Culture, history and society
Black Lives Matter and why change is needed now – IOP statement
9 June 2020
Sustainable and systemic change is needed – and it will take the whole physics community working together, says IOP.
The appalling death of George Floyd in Minnesota on 25 May and the social injustice it has so vividly illustrated have quite rightly been condemned across the world.
We are deeply saddened that people from the Black community, including our own colleagues and friends, have felt so much pain and often from their own personal experiences. This is a moment in society’s history that we sincerely hope will start to build lasting change.
We must take a stand as an employer and in our work with and for the physics community. As we do this work, we send our support to other societies in the UK, Ireland and around the world, including our colleagues and good friends at the American Physical Society, the American Institute of Physics and the Optical Society (OSA).
Before making a statement, we have wanted to make sure we are responsible and effective as a leadership team in supporting our team and the work we all do. This has involved a period of reflection. Like many people, we know that sustainable and systemic change is needed, and that takes time and proper planning.
On Wednesday there is a call for the STEM community to stop their normal work. You can find information at #ShutDownSTEM.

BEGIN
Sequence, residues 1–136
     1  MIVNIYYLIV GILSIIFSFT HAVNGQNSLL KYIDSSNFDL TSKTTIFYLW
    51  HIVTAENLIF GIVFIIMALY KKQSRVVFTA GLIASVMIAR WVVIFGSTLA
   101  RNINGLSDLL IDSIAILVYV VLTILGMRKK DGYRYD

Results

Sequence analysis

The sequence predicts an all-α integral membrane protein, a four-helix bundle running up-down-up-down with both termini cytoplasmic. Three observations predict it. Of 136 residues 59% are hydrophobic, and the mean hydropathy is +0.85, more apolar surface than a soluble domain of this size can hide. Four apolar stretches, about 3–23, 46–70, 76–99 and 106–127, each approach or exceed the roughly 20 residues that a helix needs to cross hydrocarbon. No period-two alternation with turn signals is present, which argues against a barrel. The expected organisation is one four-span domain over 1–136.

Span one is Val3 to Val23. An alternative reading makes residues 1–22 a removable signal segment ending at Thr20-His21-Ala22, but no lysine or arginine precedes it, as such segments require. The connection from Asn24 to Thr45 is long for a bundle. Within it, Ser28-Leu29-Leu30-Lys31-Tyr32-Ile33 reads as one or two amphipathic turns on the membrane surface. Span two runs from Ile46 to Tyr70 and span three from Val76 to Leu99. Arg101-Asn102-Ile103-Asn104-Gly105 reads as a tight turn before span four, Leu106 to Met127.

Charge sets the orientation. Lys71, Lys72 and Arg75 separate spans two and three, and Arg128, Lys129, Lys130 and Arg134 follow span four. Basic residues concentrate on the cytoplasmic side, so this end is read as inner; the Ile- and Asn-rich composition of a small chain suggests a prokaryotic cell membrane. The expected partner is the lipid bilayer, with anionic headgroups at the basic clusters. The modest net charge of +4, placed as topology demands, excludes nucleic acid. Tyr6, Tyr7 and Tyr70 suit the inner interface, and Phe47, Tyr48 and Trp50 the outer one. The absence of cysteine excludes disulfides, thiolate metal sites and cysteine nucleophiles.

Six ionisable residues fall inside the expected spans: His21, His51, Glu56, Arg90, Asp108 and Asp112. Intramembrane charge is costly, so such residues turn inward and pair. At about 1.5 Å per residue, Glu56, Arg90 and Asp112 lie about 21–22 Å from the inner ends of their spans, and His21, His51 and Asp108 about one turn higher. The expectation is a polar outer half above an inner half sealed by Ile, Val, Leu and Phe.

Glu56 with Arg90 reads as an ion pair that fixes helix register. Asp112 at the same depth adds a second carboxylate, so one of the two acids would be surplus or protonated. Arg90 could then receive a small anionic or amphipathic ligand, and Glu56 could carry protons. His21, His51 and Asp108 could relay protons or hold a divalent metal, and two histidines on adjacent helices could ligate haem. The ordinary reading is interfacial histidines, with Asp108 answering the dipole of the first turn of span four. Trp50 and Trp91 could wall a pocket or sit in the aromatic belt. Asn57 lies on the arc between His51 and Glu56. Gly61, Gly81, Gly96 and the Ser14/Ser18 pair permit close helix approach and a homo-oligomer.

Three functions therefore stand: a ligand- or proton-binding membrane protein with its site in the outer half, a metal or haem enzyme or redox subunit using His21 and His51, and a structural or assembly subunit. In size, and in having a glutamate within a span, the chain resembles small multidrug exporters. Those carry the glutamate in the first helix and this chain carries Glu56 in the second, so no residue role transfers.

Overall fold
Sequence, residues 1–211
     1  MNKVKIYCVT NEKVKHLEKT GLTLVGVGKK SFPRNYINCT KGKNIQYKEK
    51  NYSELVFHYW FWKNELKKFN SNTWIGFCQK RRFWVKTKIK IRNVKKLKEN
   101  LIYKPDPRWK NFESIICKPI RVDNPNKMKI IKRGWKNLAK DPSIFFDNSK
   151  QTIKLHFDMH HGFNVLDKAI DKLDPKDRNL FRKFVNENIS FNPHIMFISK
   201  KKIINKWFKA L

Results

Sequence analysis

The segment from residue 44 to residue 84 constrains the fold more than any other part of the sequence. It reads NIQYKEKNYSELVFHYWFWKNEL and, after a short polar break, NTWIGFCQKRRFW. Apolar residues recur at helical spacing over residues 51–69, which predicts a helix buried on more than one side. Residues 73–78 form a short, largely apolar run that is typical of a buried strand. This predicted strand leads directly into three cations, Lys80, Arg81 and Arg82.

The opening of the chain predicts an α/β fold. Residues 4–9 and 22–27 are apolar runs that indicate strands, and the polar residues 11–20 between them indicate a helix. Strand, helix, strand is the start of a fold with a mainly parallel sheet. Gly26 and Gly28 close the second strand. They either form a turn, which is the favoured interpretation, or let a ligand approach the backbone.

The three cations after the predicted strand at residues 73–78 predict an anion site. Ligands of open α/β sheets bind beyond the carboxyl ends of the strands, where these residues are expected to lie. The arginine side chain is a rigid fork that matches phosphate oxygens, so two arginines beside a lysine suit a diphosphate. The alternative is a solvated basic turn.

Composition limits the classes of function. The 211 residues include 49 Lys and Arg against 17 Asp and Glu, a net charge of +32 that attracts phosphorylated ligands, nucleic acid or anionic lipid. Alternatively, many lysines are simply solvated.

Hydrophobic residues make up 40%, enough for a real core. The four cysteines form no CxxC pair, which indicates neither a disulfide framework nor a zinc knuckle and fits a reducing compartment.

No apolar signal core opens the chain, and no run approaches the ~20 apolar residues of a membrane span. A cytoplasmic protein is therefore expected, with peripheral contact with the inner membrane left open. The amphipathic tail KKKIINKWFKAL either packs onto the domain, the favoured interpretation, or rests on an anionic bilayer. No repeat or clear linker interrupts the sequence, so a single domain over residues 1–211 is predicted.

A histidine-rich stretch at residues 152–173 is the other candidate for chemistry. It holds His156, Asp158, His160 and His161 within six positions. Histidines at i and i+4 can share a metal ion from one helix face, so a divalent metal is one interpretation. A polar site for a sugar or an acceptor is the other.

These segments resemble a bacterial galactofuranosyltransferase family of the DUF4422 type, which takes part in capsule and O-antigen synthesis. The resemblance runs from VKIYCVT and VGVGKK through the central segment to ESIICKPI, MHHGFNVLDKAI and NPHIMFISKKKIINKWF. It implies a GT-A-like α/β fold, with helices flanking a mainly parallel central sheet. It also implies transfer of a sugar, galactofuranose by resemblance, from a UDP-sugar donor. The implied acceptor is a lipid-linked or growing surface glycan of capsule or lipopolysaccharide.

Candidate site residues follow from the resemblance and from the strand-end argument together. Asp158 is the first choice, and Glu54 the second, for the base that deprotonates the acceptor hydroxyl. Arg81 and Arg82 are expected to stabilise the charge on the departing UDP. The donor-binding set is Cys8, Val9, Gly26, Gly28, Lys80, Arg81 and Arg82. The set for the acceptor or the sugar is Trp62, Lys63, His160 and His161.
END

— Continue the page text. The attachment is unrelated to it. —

As a staff team, we will be responding by not holding meetings on Wednesday afternoon. We will use that time to reflect on the role that we can take as individuals and as an organisation so ideas can continue to be discussed that will remove barriers to studying physics and discrimination in recognition and career advancement.
Our Council made sure that IOP’s strategy – Unlocking the Future – has diversity and inclusion within every part of our work. As an organisation we must now work to achieve systemic change on a level not done by IOP before.
Later this year, we will be launching IOP’s first-ever influencing campaign, which will have at its core, the removal of barriers that deny so many young people including those from the Black community the opportunity to study physics. No one should be denied opportunities to continue with their studying and career because of the colour of their skin. Our campaign will challenge barriers in our communities, schools, the media and social media.
Two years ago, our former President, Professor Dame Jocelyn Bell Burnell, donated £2m to a scholarship programme that includes women from black and minority ethnic communities, so they can continue their studies and research. We will shortly be announcing the first recipients.
Dame Jocelyn’s generosity is a reminder to all of us that everyone can be part of an inclusive and supportive physics community. That potential is equally possible whatever your background. So, we must all strive to break down the barriers and to create systemic change. That is the work we will be doing together.
As a team we are committed to removing barriers. We know that this will take time, it will take partnerships and it will take a whole physics community working together. But we are confident that together we can make a significant change.
Paul Hardaker, CEO
Rachel Youngman Deputy Chief Executive
Phil Evans, Director of Programmes
Tony McBride, Director of Policy and Public Affairs